Scholastic, 2015 661 pgs.
Creative genius, Brian Selznick, ends his trilogy of fabulously illustrated/fiction hybrids with this masterpiece. The first full half of the book is told visually in stunning pencil illustrations tracing a family's journey. We begin in 1766 with a tragic shipwreck in which a lone boy buries his beloved brother, gets rescued, and finds himself working with other former sailors in a bustling London theater. As an adult an abandoned baby is left for him to raise, beginning a theatrical dynasty which continues for five generations. The story abruptly ends with a devastating fire in the theater, where the youngest of the Marvels and his insane grandfather appear to be trapped. Now the book moves ahead to 1990 and is written in prose. Joseph is running away from his restrictive and lonely Swiss boarding school in search of a missing friend recently transported to London. His only connection in London is an uncle who he has never met named Albert. A new friend, Frankie, helps him to locate his uncle's house, where he is greeted less than cordially. The house is a step back in time with no electricity, heat, or modern conveniences. Beyond this, Uncle Albert is secretive and creepy, weird sounds and noises are often present, and Joseph thinks he has seen ghosts. Uncle Albert is no help as to the history of the house and its former inhabitants and reluctantly lets Joseph stay and help him to caretake the establishment, which is frozen in time down to the half eaten food on the table. After searching around for clues to the house and to the long-gone mysterious family, Joseph and Frankie are led to the theater where a picture on the ceiling of an angel seems to unlock some of the secrets. After speaking to the theater manager and becoming more confused than ever, Joseph finally forces Uncle Albert to reveal the truth behind the family of the house, the secrets behind the haunting, and his own personal history and motivations for his uncle's strange behavior. After the truth is disclosed Albert and Joseph become close, having shaped themselves into a true family, which they both desperately need. Then tragedy strikes, leaving Joseph feeling more alone than ever before. It is through this sadness that he realizes that he is the author of his own story. He finishes the illustrated family history, finding closure to the cliff-hanging fire, and writing his own happy ending.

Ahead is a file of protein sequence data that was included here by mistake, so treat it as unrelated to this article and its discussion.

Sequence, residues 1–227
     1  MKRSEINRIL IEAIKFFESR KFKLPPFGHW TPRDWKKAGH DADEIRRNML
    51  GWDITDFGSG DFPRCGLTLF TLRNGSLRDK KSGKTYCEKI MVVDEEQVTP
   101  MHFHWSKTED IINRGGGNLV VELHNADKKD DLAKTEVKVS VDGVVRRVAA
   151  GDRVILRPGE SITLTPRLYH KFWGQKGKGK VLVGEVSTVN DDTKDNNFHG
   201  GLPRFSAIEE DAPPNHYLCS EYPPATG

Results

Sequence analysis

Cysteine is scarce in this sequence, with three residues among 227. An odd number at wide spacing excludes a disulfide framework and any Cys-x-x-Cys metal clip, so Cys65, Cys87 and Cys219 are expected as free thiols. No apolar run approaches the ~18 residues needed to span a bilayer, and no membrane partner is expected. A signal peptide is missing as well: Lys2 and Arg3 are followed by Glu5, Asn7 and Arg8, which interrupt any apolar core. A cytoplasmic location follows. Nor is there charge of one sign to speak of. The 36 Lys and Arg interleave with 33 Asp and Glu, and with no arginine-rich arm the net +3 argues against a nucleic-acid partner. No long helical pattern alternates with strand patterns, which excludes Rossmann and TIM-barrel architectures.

Whew! Selznick ends his amazing trilogy (The Invention of Hugo Cabret and Wonderstruck) with a bang. in my opinion he is the best illustrator for young people alive today, reminiscent of Maurice Sendak (who he acknowledges as an influence). On top of his intricate artwork he is also a gifted writer, picking each word used in his text with care. His books are modern fables and instant classics. The Marvels is no exception. Ambitious at over 600 pages, the book reads fast, as with his other works. The illustrations are painstakingly created and one can only imagine how many hours he spent creating them. This is not a trilogy in plot, it is a trilogy in format, playing with the concept of how we tell stories. In The Marvels Selznick chooses to share the story of the family in wordless illustrations and the near-present reality in text. Joseph must uncover the family secrets revealed in the illustrations at the start of the book and then he uses the same format to take control of his own life and tell his own story. This is a complex book for mature and thoughtful young people and adults. The plot is very involved and at times complex and a little tricky to follow. This story does not belong solely to Joseph, but is shared by his uncle and, in part, the family next door. All the story lines come together in a satisfying way and Selznick does not leave the reader dangling. The ghosts of the house are explained and there are no supernatural elements, even though it feels like a magical tale. Part Dickens, part Little Match Girl, part Gothic ghost story, this book manages to combine the history of the London theater scene, nautical history, and the early 1990's AIDS epidemic, all while offering a satisfying mystery and family tale. The Marvels seems to be a bit more self indulgent in subject matter and bit less reader driven than his previous works, but Selznick is such a genius he is rightfully allowed to proceed in whatever direction he is led. Themes such as the power of story telling and defining what makes a family are explored and the reader comes away with a feeling of hope and power. As with his previous two books, it will be hard to pigeon-hole this title. Selznick continues to push the envelope on our definition of what a book for young people is Now that this trilogy is finished I will be very curious to see what direction he takes us to next.